In preparing to launch Colorado Newsline, the question I heard more than any other was, “How will you fit in with all the other news outlets in Colorado?”
Great question. And at first I didn’t have a good answer. But here, as part of this inaugural editor’s commentary, and by way of extending to you a warm welcome to the nonprofit Newsline site, I will attempt an answer.
Colorado is comparatively rich in news activity, with startup outlets regularly arising, if not always succeeding, and certain government beats covered well. Colorado is the site of several news experiments that have even received national attention, as industry professionals and news consumers watch to see if this or that startup signals a successful transition away from old business models that have collapsed and left readers too often bereft of the information on which they depend in satisfying civic interests and fulfilling democratic responsibilities.
But, even as the Colorado media landscape has in certain ways proved resourceful, it has suffered from the same destructive forces that have pummeled news organizations everywhere. The damage is painfully apparent. In the last 10 years the total number of reporters and correspondents in Colorado media has dropped from 1,000 to below 600, and since 2004 the state has lost about a fifth of its newspapers, including one of its two biggest dailies, according to the Colorado Media Project. Downward trends were present in an otherwise healthy economy, but the financial catastrophe caused by COVID-19 has accelerated decline at news outlets, many of which in recent months have implemented staff furloughs and layoffs.
The primary way Colorado Newsline will fit into the state’s media landscape is by helping to return it to its previously fertile condition. We’re unable to resupply it with 400 reporters. But we are starting with three. And every new set of eyes watching government leaders, every extra observer keeping track of public spending, every additional journalist reporting stories of how official policy affects residents helps ensure readers understand what government is up to and leads to a more enriched community. I am exceedingly grateful to the reporters who joined the Newsline team, because, given their proven talents and professionalism, they allow me to say confidently that Newsline readers will benefit from some of the best journalism Colorado has to offer. Our newsroom includes Moe Clark, previously of The Colorado Sun; Faith Miller, previously of Colorado Springs Independent; and Chase Woodruff, previously of Westword. If you know their past work, you know to expect exceptional reporting from Newsline.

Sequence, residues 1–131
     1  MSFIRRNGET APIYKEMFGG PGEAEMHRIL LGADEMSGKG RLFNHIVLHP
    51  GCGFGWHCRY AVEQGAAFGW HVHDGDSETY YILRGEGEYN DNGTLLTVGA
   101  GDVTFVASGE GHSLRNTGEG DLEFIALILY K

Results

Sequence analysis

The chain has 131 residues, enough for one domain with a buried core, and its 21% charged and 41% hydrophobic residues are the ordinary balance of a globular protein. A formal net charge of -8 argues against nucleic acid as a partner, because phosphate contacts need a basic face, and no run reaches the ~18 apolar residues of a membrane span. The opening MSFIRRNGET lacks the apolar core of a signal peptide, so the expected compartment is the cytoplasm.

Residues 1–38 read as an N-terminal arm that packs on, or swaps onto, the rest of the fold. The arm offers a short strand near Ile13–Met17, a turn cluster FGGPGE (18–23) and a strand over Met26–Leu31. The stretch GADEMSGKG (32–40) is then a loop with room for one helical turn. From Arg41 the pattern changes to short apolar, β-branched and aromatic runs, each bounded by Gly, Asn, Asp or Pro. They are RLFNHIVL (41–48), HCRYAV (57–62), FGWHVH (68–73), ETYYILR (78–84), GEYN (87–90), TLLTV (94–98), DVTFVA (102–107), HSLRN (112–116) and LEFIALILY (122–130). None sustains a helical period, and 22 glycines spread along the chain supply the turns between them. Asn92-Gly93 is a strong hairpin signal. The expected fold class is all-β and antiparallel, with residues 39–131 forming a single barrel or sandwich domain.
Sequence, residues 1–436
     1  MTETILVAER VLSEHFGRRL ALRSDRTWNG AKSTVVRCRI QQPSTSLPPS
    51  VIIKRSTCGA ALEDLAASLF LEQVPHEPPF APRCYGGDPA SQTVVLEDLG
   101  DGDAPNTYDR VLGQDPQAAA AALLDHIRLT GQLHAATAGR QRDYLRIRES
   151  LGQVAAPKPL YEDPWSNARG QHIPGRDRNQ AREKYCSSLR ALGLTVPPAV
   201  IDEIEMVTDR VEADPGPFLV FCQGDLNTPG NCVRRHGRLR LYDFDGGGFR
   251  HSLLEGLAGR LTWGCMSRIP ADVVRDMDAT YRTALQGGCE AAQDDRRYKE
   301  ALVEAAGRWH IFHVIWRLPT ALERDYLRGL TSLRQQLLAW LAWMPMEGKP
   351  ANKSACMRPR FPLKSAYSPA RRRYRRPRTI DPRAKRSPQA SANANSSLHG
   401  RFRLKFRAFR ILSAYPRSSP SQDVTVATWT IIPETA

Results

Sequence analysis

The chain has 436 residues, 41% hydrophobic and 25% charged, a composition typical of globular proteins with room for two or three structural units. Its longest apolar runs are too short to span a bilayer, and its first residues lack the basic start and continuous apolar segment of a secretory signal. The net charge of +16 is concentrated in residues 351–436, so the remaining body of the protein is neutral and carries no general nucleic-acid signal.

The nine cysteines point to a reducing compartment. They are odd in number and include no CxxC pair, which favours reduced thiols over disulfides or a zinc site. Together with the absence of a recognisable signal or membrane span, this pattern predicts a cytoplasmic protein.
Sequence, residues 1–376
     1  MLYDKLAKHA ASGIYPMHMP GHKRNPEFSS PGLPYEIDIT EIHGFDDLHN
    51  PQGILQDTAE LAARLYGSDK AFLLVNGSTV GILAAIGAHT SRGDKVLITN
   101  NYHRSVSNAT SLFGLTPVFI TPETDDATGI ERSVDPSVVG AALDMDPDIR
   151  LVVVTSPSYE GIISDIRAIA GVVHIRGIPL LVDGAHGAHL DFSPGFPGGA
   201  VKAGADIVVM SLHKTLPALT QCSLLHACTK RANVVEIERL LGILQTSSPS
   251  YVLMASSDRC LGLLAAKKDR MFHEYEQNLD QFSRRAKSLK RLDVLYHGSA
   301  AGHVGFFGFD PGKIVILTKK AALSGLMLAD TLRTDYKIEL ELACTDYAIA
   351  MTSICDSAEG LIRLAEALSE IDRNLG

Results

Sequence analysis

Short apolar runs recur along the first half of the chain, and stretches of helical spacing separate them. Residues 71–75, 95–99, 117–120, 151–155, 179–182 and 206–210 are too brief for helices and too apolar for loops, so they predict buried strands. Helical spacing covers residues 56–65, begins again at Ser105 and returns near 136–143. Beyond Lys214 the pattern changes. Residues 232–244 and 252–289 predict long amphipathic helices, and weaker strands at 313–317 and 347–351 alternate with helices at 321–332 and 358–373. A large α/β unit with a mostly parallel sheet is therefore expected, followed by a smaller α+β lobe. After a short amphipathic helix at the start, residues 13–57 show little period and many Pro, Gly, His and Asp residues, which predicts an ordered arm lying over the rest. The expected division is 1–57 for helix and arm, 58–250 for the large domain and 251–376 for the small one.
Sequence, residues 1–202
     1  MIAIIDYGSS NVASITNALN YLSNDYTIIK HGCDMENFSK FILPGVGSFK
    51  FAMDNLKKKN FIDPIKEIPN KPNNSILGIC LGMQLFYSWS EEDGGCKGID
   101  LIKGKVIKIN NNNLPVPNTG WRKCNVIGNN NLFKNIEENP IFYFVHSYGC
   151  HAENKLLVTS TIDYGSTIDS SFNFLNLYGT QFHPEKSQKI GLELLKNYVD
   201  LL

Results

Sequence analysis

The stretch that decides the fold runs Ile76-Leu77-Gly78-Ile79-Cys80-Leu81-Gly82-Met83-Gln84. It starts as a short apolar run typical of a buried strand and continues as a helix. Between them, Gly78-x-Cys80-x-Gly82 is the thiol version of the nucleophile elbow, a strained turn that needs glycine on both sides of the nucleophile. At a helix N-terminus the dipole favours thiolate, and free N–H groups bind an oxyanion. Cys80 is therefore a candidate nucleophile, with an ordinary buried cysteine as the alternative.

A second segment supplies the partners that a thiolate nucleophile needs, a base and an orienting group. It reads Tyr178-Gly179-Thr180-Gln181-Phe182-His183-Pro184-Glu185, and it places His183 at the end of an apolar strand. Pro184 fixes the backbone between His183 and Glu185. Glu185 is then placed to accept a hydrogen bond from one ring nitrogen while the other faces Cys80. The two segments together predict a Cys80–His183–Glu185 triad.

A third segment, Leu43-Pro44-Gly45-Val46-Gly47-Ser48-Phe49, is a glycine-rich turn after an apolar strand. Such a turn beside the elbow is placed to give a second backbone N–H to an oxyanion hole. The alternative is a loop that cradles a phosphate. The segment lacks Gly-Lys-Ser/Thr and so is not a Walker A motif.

Colorado state government is a sprawling institution of powerful people and offices. The executive branch alone comprises 20 main departments, divisions and offices, in addition to the governor’s office itself. Almost 300 boards and commissions populate this vast public sphere, and they claim authority in such fields as banking, medicine and public utilities. Many of these regions of state government lack due scrutiny, and Faith, Moe and Chase will scout for those areas where more watchdog reporting is warranted.
We also see space for deeper reporting on Colorado courts, water policy, federal regulations of public lands, immigration, health care, social justice, the economy and jobs, the environment, and inequality.
These are some of our ideas about what we can do for you. But the ideas that most interest us are yours. What can we do for you? We invite you to tell us by sending comments to [email protected]. That address is also good for questions and tips.
Our mission is to provide nonpartisan, fair, fact-based reporting. Newsline stories are intended to provide readers with trustworthy information about topics of statewide interest. We also feature a commentary section, which offers staff-written and submitted opinion pieces — which are labeled as “commentary.” Newsline is an affiliate of States Newsroom, a national nonprofit funded by foundations and individual donations. Our stories are free of ads, and they’re available for publication by other Colorado media outlets.
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